Just this month, New York City submitted an amendment regarding the use of credit reports in employment background checks. If the amendment is passed into law, it would make the use of credit reports by employers during an employment background check unlawful and considered discriminatory practice for hiring purposes.
Under the Fair Credit Reporting Act (“FCRA”), as it stands, employers are entitled to conduct employment background checks by accessing a job applicants’ or existing employees’ credit file. The statute requires an employer to receive express written consent and to follow the letter of the law after accessing a consumer report should the employer rely on the information contained in the report to make any hiring decisions. While the amendment incorporates numerous exceptions, it will drastically affect employers’ rights when conducting background checks on potential or existing employees. If passed into law the amendment will prohibit employers from using a consumer report to make employment decision about a potential or existing employee or to discriminate against that employee.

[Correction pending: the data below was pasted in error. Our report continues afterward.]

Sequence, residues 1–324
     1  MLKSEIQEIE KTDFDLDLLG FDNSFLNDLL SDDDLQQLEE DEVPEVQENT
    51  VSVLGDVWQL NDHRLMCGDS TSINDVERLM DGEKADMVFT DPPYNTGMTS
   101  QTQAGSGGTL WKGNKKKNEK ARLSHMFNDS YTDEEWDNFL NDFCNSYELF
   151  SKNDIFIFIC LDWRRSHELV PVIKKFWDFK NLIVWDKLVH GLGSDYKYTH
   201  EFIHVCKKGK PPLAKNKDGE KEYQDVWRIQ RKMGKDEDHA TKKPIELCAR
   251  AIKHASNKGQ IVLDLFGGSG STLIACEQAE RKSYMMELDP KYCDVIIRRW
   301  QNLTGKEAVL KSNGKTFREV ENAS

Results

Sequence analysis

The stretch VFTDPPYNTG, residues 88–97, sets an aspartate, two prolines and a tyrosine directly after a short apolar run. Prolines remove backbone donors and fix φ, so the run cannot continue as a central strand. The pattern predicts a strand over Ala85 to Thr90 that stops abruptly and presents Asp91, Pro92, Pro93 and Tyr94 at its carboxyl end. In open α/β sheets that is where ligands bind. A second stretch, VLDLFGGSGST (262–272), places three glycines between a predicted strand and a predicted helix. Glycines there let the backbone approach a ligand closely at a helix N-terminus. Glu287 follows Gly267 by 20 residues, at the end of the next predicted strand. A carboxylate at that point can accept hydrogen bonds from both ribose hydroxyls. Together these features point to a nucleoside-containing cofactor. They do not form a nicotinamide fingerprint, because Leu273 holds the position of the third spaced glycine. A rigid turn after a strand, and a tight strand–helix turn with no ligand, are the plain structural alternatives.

Under the exceptions to the amendment, an employer may request a copy of an employee’s consumer report pursuant to a court order, subpoena or legal investigation. Furthermore, employers involved a self-regulatory organizations, federal or state law positions and positions as police officers must also agree to have their employer review their report. Employees whose positions require them to be bonded under federal or state law must also agree to allow their employer to access their consumer reports.
This amendment will apply to all employers and agencies with four or more employees and violations may be brought both locally and federally. In the interim, employers should prepare for the amendment to pass and should verse themselves in the language of the amendment. What does this mean for potential and existing employees? This amendment would work in their favor making them more eligible in the job market, considering the vast number having less than stellar credit reports.
If you feel your rights have been violated under the FCRA during an employment background check, contact SmithMarco P.C. for a completely free case review.